A collection of guiding principles; what an individual considers to be morally right and desirable in life, especially regarding personal conduct.
Personal values can be influenced by culture, tradition, and a combination of internal and externalfactors. Values determine what individuals find important in their daily life and help to shape their behavior in each situation they encounter. Since values often strongly influence both attitude and behavior, they serve as a kind of personal compass for employee conduct in the workplace. Values help determine whether an employee is passionate about work and the workplace, which in turn can lead to above-average returns, high employee satisfaction, strong team dynamics, and synergy.
How Are Values Formed?
Values are usually shaped by many different internal and external influences, including family, traditions, culture, and, more recently, media and the Internet. A person will filter all of these influences and meld them into a unique value set that may differ from the value sets of others in the same culture.
Values are thought to develop in various stages during a person's upbringing, and they remain relatively consistent as children mature into adults. Sociologist Morris Massey outlines three critical development periods for an individual's value system:
Imprint period (birth to age seven): Individuals begin establishing the template for what will become their own values.
Modeling period (ages eight to thirteen): The individual's value template is sculpted and shaped by parents, teachers, and other people and experiences in the person's life.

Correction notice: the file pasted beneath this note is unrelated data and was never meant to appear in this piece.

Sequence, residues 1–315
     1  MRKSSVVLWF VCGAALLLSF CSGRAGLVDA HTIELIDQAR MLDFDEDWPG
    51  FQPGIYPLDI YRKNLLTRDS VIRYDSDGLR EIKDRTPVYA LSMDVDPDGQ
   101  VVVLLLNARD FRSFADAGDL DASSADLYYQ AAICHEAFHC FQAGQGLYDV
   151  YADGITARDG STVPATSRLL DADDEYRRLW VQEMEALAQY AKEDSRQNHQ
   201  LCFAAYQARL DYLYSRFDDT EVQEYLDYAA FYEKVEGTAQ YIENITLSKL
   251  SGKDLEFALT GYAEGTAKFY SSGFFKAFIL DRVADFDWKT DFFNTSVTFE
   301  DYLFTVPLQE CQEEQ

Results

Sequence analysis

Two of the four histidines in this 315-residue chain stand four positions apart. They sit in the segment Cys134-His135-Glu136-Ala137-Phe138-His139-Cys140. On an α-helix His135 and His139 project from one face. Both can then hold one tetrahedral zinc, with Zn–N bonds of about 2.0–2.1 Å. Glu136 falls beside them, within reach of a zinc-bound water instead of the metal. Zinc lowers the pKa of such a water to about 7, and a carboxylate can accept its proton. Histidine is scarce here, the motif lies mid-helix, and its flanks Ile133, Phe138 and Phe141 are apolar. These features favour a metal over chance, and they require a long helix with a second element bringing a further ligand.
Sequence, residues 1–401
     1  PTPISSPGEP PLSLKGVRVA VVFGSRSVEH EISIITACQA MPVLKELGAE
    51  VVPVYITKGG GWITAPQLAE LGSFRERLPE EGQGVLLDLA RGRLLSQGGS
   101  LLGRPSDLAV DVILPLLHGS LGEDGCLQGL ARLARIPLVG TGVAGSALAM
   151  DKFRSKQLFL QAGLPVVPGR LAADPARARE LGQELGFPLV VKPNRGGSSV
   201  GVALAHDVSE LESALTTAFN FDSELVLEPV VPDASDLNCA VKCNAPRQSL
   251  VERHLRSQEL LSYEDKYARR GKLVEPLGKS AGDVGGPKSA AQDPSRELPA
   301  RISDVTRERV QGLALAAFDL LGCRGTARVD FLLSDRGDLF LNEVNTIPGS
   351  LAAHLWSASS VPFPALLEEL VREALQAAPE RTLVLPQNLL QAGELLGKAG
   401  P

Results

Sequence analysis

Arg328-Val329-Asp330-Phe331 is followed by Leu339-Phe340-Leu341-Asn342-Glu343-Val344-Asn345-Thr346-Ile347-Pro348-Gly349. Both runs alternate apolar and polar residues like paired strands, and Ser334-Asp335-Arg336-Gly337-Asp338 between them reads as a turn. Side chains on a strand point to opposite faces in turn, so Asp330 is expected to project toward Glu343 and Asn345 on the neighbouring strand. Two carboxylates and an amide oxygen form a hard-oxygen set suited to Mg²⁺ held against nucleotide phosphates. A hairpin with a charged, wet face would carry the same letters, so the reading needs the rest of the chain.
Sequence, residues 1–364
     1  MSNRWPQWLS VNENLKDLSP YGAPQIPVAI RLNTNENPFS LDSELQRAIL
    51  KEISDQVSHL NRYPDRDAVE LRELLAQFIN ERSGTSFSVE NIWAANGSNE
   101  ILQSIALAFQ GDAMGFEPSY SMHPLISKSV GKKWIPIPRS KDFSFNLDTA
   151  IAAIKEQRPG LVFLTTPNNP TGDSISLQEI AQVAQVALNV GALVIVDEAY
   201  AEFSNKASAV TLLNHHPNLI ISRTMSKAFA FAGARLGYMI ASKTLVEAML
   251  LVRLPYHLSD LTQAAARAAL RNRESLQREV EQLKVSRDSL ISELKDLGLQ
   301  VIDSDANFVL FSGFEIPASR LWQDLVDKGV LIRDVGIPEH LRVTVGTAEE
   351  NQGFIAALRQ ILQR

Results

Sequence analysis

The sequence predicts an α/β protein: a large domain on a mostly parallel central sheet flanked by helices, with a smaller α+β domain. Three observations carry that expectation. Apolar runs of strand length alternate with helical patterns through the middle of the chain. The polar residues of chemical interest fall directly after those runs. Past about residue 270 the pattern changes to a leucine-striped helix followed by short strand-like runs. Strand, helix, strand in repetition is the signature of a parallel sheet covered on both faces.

Socialization period (ages thirteen to twenty-one): An individual fine-tunes values through personal exploration and comparing and contrasting with other people's behavior.
Values in the Workplace
Values can strongly influence employee conduct in the workplace. If an employee values honesty, hard work, and discipline, for example, he will likely make an effort to exhibit those traits in the workplace. This person may therefore be a more efficient employee and a more positive role model to others than an employee with opposite values.
Conflict may arise, however, if an employee realizes that her co-workers do not share her values. For example, an employee who values hard work may resent co-workers who are lazy or unproductive without being reprimanded. Even so, additional conflicts can result if the employee attempts to force her own values on her co-workers.
Hiring for Values
If the managers of a business create a mission statement, they have likely decided what values they want their company to project to the public. The mission statement can help them seek out candidates whose personalities match these values, which can help reduce friction in the workplace and foster a positive work environment.
Skills-based hiring is important for efficiency and is relatively intuitive. However, hiring for values is at least as important. Because individual values have such strong attitudinal and behavioral effects, a company must hire teams of individuals whose values do not conflict with either each other's or those of the organization.